Measuring success

A colleague at my job is all about the numbers. She specializes in statistics and wants to measure everything. Did this work? How could that work differently? What were the student outcomes? How can we quantify their learning? I believe there is value to measurement, especially in anticipation of future expectations.

That being said, I personally see my KDP Select “experiment” a successful test, albeit not an entirely scientific one. As far as numbers go, there have been 2295 downloads of “Contained.” It is amazing to fathom that many people even saw the title, much less wanted to try it.

There was, of course, one unit “returned.” This person obviously disliked it enough to actually get an Amazon refund. A heavy load of repulsion is required to return something that was free!  While I’d like to think the person accidentally duplicated the download (lol), I know the wicked truth.  Somebody could not stand it. That’s going to happen.  I feel the same way about some titles and would probably say so without thinking much about who wrote them.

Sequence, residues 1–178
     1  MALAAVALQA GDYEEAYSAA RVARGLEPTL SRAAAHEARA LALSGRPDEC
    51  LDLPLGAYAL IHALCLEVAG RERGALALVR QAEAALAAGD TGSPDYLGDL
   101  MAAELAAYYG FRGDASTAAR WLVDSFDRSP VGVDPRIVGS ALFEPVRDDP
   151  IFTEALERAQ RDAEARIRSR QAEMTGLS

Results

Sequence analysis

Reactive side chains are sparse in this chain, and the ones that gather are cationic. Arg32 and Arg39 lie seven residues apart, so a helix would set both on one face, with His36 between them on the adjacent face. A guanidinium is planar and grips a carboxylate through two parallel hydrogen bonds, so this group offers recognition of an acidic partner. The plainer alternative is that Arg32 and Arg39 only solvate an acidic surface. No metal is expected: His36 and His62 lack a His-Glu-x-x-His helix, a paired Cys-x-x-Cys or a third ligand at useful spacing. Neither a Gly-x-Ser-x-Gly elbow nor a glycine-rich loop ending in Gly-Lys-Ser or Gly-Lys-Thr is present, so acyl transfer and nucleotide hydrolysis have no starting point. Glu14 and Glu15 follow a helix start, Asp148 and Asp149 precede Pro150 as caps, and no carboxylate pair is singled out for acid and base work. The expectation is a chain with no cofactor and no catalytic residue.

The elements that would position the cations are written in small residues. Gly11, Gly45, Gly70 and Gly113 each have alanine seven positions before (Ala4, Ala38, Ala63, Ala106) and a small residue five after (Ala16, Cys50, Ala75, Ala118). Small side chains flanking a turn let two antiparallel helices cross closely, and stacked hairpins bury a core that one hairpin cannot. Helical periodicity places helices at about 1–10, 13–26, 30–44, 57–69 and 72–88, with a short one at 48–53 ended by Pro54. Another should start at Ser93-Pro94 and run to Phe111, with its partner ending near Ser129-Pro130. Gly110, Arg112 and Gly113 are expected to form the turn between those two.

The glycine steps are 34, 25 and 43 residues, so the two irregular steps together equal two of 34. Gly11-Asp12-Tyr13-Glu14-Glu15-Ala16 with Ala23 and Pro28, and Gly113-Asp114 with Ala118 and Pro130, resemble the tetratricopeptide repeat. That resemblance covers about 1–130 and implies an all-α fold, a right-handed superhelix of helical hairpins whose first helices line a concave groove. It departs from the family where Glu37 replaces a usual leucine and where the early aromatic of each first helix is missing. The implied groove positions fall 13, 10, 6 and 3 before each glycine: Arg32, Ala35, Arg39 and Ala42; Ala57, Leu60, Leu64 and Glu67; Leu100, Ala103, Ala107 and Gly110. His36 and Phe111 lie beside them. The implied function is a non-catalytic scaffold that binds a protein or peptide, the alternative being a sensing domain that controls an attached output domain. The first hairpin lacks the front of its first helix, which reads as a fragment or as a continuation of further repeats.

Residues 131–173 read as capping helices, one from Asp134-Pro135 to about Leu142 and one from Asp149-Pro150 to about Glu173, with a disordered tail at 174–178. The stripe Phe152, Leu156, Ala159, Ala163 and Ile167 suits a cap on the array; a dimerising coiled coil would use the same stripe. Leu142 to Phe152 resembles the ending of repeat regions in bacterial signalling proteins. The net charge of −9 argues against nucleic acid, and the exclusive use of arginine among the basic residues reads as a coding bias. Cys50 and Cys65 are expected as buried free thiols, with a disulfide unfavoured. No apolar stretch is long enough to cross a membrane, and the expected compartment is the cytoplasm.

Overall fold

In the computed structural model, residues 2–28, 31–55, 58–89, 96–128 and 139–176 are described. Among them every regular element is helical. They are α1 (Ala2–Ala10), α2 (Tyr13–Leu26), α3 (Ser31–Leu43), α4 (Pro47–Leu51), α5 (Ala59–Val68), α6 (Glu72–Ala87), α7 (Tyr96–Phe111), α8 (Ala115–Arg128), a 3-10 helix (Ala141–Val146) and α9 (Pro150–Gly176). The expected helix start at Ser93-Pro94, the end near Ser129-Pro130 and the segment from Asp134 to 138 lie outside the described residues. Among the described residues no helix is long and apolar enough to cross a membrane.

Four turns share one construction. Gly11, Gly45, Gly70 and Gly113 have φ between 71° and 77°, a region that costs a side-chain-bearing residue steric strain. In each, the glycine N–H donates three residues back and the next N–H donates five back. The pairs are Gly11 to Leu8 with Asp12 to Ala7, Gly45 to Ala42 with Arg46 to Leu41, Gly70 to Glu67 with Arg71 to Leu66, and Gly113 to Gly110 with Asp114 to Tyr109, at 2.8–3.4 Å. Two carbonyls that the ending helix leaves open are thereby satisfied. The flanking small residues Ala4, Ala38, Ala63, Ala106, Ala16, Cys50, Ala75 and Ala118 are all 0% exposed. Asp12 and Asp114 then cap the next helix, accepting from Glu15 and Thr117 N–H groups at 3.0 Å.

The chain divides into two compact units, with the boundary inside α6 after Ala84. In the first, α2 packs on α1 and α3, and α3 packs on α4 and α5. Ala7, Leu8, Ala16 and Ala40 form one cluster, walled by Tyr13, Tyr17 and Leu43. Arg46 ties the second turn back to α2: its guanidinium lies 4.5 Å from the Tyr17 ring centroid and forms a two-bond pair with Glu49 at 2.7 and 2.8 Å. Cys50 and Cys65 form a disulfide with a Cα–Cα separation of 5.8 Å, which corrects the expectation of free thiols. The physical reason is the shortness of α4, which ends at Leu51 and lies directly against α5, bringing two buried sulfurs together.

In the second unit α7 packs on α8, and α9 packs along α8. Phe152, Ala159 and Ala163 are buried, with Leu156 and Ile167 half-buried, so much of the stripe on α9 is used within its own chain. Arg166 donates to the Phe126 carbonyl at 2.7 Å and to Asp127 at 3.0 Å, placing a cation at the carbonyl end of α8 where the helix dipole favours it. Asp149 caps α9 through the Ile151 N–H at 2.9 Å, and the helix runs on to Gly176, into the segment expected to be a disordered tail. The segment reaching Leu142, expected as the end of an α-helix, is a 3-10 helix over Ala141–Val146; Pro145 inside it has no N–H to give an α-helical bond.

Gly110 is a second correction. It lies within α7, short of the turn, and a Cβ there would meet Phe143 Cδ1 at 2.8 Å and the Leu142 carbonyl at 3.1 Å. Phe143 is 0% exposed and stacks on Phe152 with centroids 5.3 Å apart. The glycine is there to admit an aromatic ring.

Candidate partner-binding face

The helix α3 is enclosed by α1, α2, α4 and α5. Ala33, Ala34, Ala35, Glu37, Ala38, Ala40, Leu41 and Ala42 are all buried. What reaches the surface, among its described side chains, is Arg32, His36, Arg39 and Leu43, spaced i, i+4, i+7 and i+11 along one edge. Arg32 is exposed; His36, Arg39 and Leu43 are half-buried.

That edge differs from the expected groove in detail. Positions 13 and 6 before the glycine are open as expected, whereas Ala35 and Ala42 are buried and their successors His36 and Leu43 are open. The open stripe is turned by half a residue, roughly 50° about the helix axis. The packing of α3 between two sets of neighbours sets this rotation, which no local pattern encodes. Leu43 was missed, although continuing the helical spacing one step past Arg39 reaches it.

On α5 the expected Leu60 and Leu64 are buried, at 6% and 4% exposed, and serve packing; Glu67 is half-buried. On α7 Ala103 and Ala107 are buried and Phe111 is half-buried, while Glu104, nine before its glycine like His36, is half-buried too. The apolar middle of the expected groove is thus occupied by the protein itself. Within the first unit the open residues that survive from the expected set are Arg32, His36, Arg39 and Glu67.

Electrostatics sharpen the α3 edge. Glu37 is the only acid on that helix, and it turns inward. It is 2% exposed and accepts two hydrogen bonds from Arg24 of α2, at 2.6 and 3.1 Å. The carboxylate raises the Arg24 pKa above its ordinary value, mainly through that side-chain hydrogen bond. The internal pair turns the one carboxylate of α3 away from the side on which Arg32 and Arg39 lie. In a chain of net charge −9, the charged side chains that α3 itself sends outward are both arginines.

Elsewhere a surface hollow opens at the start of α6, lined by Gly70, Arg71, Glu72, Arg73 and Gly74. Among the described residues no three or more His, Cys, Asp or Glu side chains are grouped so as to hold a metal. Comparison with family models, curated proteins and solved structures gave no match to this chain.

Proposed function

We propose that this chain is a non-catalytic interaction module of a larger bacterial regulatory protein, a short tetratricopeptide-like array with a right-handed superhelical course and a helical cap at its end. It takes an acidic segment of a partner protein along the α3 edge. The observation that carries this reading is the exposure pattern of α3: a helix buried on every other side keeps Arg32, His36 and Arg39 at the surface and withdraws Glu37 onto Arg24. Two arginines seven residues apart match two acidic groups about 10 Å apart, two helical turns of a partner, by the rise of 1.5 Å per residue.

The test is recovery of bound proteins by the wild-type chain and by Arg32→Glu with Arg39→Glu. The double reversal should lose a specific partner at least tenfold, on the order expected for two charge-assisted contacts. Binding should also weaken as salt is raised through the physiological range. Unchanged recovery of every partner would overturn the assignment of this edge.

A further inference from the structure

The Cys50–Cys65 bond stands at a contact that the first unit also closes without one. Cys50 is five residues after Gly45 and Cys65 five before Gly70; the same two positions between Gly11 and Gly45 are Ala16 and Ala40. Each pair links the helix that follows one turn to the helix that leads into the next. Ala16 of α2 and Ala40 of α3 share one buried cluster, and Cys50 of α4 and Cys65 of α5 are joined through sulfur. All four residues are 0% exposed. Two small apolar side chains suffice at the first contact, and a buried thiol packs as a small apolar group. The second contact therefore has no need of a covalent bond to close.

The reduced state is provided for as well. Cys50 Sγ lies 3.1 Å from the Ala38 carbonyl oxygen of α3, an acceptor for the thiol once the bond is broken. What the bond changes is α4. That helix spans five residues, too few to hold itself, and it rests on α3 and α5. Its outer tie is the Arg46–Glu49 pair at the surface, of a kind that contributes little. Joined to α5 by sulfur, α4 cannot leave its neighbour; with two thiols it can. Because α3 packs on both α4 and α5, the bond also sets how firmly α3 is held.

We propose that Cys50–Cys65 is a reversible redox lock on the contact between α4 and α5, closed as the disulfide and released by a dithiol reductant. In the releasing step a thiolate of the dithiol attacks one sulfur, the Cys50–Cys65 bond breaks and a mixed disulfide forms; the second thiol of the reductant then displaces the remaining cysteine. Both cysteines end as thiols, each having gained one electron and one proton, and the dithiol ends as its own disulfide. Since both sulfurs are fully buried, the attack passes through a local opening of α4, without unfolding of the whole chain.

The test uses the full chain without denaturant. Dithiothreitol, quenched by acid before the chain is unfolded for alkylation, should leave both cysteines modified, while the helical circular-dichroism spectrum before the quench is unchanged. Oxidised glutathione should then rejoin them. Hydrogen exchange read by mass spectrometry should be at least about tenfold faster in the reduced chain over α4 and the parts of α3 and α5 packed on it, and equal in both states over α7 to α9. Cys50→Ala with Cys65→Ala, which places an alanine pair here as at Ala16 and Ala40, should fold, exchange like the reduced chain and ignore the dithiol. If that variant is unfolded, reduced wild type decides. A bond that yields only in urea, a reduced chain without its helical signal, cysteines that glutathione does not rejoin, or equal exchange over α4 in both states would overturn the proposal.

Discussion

A small boost comes from a Shelfari user, though.  She said, “Wow! A lot of story in just a few pages! ”  I’m so glad to see a positive comment.

Another online community I frequent had a thread about letting the comments roll off like water on a duck’s back. I must get to that point. The only thing that is personal is the reader’s choice of material, and something I would love someone else could hate.

So in answering my own question when engaging on this experiment, I need to look at things from the perspective of getting my work “out there.” This is a learning process, and there is knowledge to be gained via constructive criticism. Barring the anonymity of the internet and the possibility of bizarre feedback, I want to remain open to learning from experience and improving my writing. With humility.

I have never been accused of being a lady, but I can (and must) be humble by accepting a few knocks along the way.

Coming soon … “Tests of Will,” my new YA-ish work to be released this spring.

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